The ancient stories of Jesus of Nazareth as told by the Gospels are rich with meaning and depth we often overlook in our times.
As the Easter season for 2017 quickly approaches, I hope to post a few articles to enrich the reader’s understanding of the Gospels that are often overlooked by traditional church pulpits.
To be sure, I’ll strive to make them brief, bold and accurate in their meaning without bogging the reader with detail.
Today, I will start with the significance of the Jordan River, the place where Jesus of Nazareth was baptized and, perhaps, is the inagurable event of his public ministry.
Clearly, out of all the bodies of water in the ancient Palestine region, this river would be significant because this is where the founder of Christianity was baptized, a religious ritual, or sacrament, still practiced today by all those who profess to follow Jesus.
The word, “Jordan,” is derived from several ancient Semitic words which ultimately mean, “descending one,” and “the one who judges.”
It is possible that this word is intended to have double or multiple meanings. This is not unusual for Hebrew words or Jewish authors, even in their written Greek narratives, whether you are talking about words or conceptual material such as prophecy.
Some ancient cultures had the practice of throwing merely suspected criminals into roaring rapids of water in order to “judge” the suspect of a crime. Survival would have meant acquittal.
So there is a significant meaning here in the word “Jordan,” tied to a legal process and transaction, between a criminal, or at least a suspect, the community or victim offended and “the judge.”
The very act of this brings thoughts of “purification” or a “purging” of crimes or charges. Judgement carries a negative connotation in much of Western culture even though it is played out daily in our judicial system. Judgement factors significantly in the character and nature of the biblical God and certainly the Gospels.
God reveals his heart (Exodus 34.4-7) about judgement to Moses and the ancient Israelites as they were being given the laws of God after exiting Egypt:
“Moses cut out two tablets of stone like the first; early in the morning he went up to Mount Sinai, just as the had commanded him, and he took in his hand the two tablets of stone.
The descended in the cloud and stood with him there and proclaimed the by name.
In some ancient mythologies, the musical instrument, “harp,” was a sign for the presence of God. Today, we often see holiday cards with angels playing harps as they fly about.
So we have another completed picture beginning to take shape in our minds as we look at the fuller context of the meaning of the word “Jordan” within the broader area of Galilee and ancient Israel.
Specifically, the flowing, or “descending” waters of the “judgement” pass through the presence of God.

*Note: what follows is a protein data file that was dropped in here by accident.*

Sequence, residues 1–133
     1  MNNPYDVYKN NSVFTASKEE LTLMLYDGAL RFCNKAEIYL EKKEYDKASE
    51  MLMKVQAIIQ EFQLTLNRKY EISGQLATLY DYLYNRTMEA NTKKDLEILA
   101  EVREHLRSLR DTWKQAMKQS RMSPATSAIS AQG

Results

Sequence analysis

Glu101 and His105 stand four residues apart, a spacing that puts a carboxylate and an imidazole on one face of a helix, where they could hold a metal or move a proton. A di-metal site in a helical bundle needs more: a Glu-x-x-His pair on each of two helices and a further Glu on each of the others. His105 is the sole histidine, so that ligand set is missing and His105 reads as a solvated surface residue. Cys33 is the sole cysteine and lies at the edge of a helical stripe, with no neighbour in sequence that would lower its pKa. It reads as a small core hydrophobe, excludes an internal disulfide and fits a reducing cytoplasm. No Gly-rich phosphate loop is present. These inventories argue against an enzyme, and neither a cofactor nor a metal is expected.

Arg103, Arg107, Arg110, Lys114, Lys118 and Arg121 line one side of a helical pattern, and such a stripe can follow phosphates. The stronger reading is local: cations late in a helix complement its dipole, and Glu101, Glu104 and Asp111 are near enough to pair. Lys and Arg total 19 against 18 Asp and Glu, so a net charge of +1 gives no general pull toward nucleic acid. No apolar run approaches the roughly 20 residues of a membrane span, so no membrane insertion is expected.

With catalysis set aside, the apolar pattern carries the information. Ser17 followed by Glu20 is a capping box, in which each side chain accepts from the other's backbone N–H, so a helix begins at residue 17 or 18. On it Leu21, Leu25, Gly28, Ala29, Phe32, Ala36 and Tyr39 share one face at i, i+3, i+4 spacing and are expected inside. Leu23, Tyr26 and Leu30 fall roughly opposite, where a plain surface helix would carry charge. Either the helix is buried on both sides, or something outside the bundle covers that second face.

Most of us would not know by reading the Gospels that this Jordan River flows down or “descends” towards the opposite end of Israel into the “Dead Sea.”
This other small lake is called “Dead” because it’s quite challenging to keep much alive in it. It is filled with high levels of salt and minerals and, historically, did not have much water flowing out of it.
So, we have another completed image of great significance of what is taking place with the baptism of Jesus and the Jordan River. The waters of “judgement,” pass through the presence of God (“Kinneret” = harp = God’s presence), they “descend” down to “death” (the Dead Sea).
So much imagery here and I am still just scratching the surface of the meaning. Yet, we cannot pass by the Gospel writers who point out that the Spirit of God “descended” upon Jesus as a dove.
Here’s what I believe is being conveyed on an esoteric level pointing to reality:
The constant flowing waters of judgement pass through the presence of God and they lead to death and as Jesus is submerged completely under them (literally, “baptized”) by the hands of someone else (John is foreshadowing the hands of God upon Jesus in the death and resurrection signifying the intent all along), he will be raised up by someone else’s powerful hands to new life and be awarded with God’s affirming presence and favor upon him.
In Matthew’s Gospel, we are told John the Baptist resisted at first baptizing Jesus. It seems John sensed the gravity of the situation, maybe not fully though. But Jesus did say he must be baptized in order to fulfill all righteousness.
The baptism of Jesus is a foreshadowing of his life in the few years that follow this event. It is prophetic. It fortells what would happen that very first Easter or “resurrection” Sunday. For those that follow Jesus reflecting back on his life and commands, it is prophetic of their life at the same time.
The Apostle Paul, a Jewish legal expert and member of the Pharisees and Sanhedrin would comment years later on the life of Jesus: